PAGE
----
The UK has long been known to be one of the most supportive countries regarding vaping. While other countries around the world have banned electronic cigarettes, the UK has continued to support them as a positive method to help smokers quit real cigarettes.
Now researchers in the UK have reacted angrily to a Q&A document about e-cigarettes that was released by the World Health Organization (WHO). The document covers nine questions, the first of which asks whether e-cigarettes and vaping products are dangerous. Part of the WHO’s answer to this question states:
“…these products are harmful to health and are not safe.”
They state there is evidence supporting this. However, this statement (and others in the document) has made researchers in the UK angry. Peter Hajek of the Tobacco Dependence Research Unit at the Queen Mary University of London stated that the World Health Organization has regularly indulged in “anti-vaping activism”. He also pointed out there is no evidence to support the WHO’s stance that vaping is addictive.
What else does the WHO say in its report?
It claims that young people who have never tried a cigarette are more likely to do so if they’ve previously vaped. This comes despite other sources of research revealing that only a tiny portion of young people start vaping without having smoked first.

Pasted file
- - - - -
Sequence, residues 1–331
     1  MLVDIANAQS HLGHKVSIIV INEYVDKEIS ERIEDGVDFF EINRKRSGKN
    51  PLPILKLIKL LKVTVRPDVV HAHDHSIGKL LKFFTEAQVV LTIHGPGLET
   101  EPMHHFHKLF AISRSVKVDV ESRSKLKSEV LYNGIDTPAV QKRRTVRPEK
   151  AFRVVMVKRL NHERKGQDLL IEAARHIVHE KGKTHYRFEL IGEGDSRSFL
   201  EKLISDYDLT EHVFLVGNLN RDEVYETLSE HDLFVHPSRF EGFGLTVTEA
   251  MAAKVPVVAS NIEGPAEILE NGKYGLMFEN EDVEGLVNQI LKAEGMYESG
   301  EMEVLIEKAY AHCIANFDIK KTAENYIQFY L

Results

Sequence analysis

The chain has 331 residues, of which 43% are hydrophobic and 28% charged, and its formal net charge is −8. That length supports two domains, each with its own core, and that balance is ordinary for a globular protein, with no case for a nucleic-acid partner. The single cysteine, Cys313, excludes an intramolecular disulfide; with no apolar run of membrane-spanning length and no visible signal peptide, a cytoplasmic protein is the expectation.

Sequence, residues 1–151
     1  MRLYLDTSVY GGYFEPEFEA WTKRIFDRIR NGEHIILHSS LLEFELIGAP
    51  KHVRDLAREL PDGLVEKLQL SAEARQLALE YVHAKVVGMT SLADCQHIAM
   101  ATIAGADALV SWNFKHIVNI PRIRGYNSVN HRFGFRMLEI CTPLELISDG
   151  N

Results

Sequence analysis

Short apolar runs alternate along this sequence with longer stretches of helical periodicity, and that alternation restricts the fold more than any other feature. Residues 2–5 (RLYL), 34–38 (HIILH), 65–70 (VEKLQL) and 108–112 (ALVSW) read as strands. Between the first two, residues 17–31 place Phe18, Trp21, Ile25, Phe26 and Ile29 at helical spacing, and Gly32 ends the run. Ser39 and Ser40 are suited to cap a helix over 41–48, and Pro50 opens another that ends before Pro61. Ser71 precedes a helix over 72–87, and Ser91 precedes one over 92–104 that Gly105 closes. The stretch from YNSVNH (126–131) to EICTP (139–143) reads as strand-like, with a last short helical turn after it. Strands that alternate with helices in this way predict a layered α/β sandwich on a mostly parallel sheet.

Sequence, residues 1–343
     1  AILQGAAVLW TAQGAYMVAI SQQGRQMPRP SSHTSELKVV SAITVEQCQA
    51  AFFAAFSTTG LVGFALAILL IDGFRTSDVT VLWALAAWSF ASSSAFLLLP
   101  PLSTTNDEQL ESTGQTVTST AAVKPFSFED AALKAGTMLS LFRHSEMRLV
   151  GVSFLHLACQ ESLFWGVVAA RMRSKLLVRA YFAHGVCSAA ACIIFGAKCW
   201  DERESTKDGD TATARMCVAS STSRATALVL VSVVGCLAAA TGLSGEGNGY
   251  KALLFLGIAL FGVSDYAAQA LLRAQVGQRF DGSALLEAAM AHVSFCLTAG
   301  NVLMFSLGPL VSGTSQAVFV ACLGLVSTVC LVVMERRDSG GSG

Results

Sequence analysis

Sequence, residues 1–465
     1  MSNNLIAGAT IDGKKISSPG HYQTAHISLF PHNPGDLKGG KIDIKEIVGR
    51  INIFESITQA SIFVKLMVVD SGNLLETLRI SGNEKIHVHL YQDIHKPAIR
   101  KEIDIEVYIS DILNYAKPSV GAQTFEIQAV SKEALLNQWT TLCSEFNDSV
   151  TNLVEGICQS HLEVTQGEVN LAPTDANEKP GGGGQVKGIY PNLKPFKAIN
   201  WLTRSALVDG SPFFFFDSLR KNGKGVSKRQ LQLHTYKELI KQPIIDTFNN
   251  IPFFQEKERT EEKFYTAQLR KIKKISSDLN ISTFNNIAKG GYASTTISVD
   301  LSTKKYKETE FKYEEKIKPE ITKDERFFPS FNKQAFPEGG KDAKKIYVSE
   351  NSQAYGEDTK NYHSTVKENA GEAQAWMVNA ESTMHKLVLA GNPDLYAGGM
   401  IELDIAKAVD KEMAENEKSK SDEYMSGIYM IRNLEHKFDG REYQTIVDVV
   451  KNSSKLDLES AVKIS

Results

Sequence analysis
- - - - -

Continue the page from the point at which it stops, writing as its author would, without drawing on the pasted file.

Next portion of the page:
They also touch on the potential for lung injuries to occur in vapers. While it is true that the USA has seen an outbreak of so-called EVALI (e-cigarette or vaping associated lung injury), these cases have been linked to THC-containing e-cigarettes rather than standard ones.
In answering the question, “What role do ENDS (electronic nicotine delivery systems) play in smoking cessation?”, the WHO uses the word ‘unclear’ to describe vaping as a method to help people quit smoking.
Yet they do support nicotine replacement therapies, quit lines, and advice given by health professionals. All those methods have limited success, as has been proven over many years. Evidence, both anecdotal and otherwise, consistently shows that vaping has helped many smokers quit for good. Yet the WHO seems to be resolutely ignoring this.
Peter Hajek also pointed out that smoking among young people has reached its lowest ever level. Could vaping be a reason for this? Research supports e-cigarettes as a powerful method to help people stop smoking. No one is suggesting vaping is 100% safe, but Public Health England stands by its statement that electronic cigarettes are a minimum of “95% less harmful than smoking cigarettes.”
Vaping is more powerful than willpower alone
The ideal scenario would be for a smoker to switch to vaping and then to wean themselves off vaping. While some do this, others continue to vape instead of returning to cigarettes. Many researchers, especially those based in the UK, disagree with the WHO’s heavy-handed approach to the issue.
What do you think about the report from the World Health Organization? Has vaping helped you stop smoking? Leave your thoughts in the comments section below.